« So as usual there is some controversy about supporting Linux (and macOS for that matter) if you’re a game dev. I am a game dev and our current game Smith and Winston support Windows, Linux and macOS. So how do I as a lone coder in a team of two support three platforms and is it all easy and free? »
« By forcing the game through different compilers (Visual C++, Clang and GCC) you find different code bugs (leave the warnings on max). By forcing the runtime to use different memory allocators, threading libraries and rendering technologies you find different runtime bugs. This makes your code way more stable on every platform. Even if you never deploy your code to a non windows platform just running it on Linux or macOS will expose crashes instantly that rarely appear on Windows. So delivering a quality product on the dominant platform is easier if your support the minor platforms as well.
Starting with Windows, Linux and macOS makes porting to XBox One, PS4 and Switch a LOT easier. There will be a clear separation between common and platform specific. Maybe you’ll never port to those platforms but if you do you’ll be ready. »
Ce 2ème paragraphe me rappelle ce que disait déjà Tim Besset chez Boiling Steam (https://links.nekoblog.org/?u6PxRw
) et ça me rappelle aussi un long post sur un topic des forums Steam de D:OS2 (https://links.nekoblog.org/?3nMPlA
Et accessoirement, ça me rappelle aussi le mixage audio. Je suis pas ingé son, mais à une époque où je m'intéressais au sujet, il était pas rare de lire que faire en sorte que ses mix sonnent bien sur tout un tas de système audio différents a tendance à les améliorer qualitativement
« There's a Hacker News thread about this tweet, and the amount of denial and wishful thinking in that thread is not any less than it would have been 10 years ago. So I predict that game development won't ever get better on Linux barring some asteroid-strike kind of event. But it got me thinking about what it *would* take to ship reliable software on Linux. My understanding is that Linus understands the importance of interface stability and that the kernel itself is pretty stable; the problem is the giant mound of userspace garbage that is all dynamically whimmed. If you can make an exe that doesn't use libc, and that talks to the kernel itself, you could probably ship something that works everywhere. Certain tasks like opening a window would be much more annoying, but you could certainly program the minimal amount of functionality you need, and after that it's probably nicer than using the actual libraries you're supposed to use. I have no idea how to talk to a hardware-accelerated 3D graphics driver under these conditions, but maybe that just means software rendering is the thing on Linux. All of this seems super hard / annoying, but if you are making a new programming language, the least you can do is keep these things in mind and not build your structure on the currently-existing userspace shantytown.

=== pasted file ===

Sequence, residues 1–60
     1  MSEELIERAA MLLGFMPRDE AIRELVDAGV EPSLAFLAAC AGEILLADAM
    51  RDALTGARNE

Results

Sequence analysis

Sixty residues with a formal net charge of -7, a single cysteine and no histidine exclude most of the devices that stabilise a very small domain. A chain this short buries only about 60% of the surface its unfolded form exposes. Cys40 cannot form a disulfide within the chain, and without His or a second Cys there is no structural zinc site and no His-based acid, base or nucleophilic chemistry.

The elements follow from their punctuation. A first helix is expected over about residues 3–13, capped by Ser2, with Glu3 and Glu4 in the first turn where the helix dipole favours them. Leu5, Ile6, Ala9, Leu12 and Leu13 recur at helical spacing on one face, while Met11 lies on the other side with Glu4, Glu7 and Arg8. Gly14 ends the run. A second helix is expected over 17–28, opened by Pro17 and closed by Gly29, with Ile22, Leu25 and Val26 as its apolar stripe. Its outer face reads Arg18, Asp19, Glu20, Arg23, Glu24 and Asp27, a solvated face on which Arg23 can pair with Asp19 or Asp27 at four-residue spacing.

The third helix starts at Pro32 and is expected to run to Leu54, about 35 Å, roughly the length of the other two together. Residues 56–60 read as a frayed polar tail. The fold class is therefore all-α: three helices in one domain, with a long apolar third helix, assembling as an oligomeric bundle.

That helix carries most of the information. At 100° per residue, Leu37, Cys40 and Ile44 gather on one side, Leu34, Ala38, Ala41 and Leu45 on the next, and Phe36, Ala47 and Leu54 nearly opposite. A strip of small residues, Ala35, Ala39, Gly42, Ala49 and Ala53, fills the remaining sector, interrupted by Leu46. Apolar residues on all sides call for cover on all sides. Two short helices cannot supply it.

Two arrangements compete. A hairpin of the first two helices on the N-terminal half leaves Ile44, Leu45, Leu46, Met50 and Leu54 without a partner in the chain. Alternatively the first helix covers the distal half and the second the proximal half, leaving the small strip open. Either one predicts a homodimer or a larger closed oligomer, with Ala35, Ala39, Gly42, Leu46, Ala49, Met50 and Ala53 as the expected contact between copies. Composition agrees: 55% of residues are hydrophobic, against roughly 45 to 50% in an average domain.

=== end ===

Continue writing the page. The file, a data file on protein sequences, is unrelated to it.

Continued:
On my programming livestreams, once in a while people ask what I would do if I made a new operating system, and I don't totally know, but I did say you could do a *lot* of good with a relatively small amount of work just by using the Linux kernel and deleting all of userspace and starting over, no compatibility whatsoever, to build a system that makes sense in 2020 and minimizes complexity in an appropriately hygienic way. "Makes sense in 2020" probably means you can run a binary without "containers" or whatever else the kids are inventing these days in order to overcomplicate the job that static linking already did in the 1960s.
The other thing I should mention ... for people who think "Linux just had an especially buggy couple of years, it just needs more time in its now-stable state and it will take over on the desktop and everyone will love it," look, that is what people have been saying since 1992;
for a long time the reason Linux didn't take over was supposedly because evil Microsoft was pulling dirty tricks to prevent it. But Microsoft just spent ***TEN YEARS*** seemingly doing everything they could to make their desktop OS unusable, and hostile for shipping software, and many other bad things, and Linux is still in the same relative position it was before that time (probably declining, actually?) What you see today is the end-state of what shipping software looks like on an ecosystem built the way Linux userspace is built.
It ain't going to improve unless the system itself changes its philosophy in a fundamental way.
I know I am going to get tons of mild Twitter harassment from Linux fans for saying this stuff, but look ... I *want* to switch to Linux or something like it. ... The Windows train is obviously going to a bad place. But, you know, I need to be able to write software that I can ship to people. I need to be able to work on a stable machine, and so forth. Make that possible and I will happily switch, and quickly. »
« One last thing to say here. If you are motivated to improve Linux and want to make it fundamentally better, now is the time to do that -- if you don't think [Windows Subsystem for Linux] is the first E of an [Embrace, extend, and extinguish] attack (in actual effect if not yet in intent), you're more trusting of corporations than I.
This means you're now competing with Microsoft on general experience to avoid the other two Es. Seems hard. Note that you can't tell if it's an actual attack when you see the second E because that happens naturally anyway. By the time you get to the third E, it's too late.
(I don't know how exactly the third E would happen against a free operating system, but it's not my job to think single-mindedly about that for years.) Anyway. Some competition here would be good, is all I am saying. »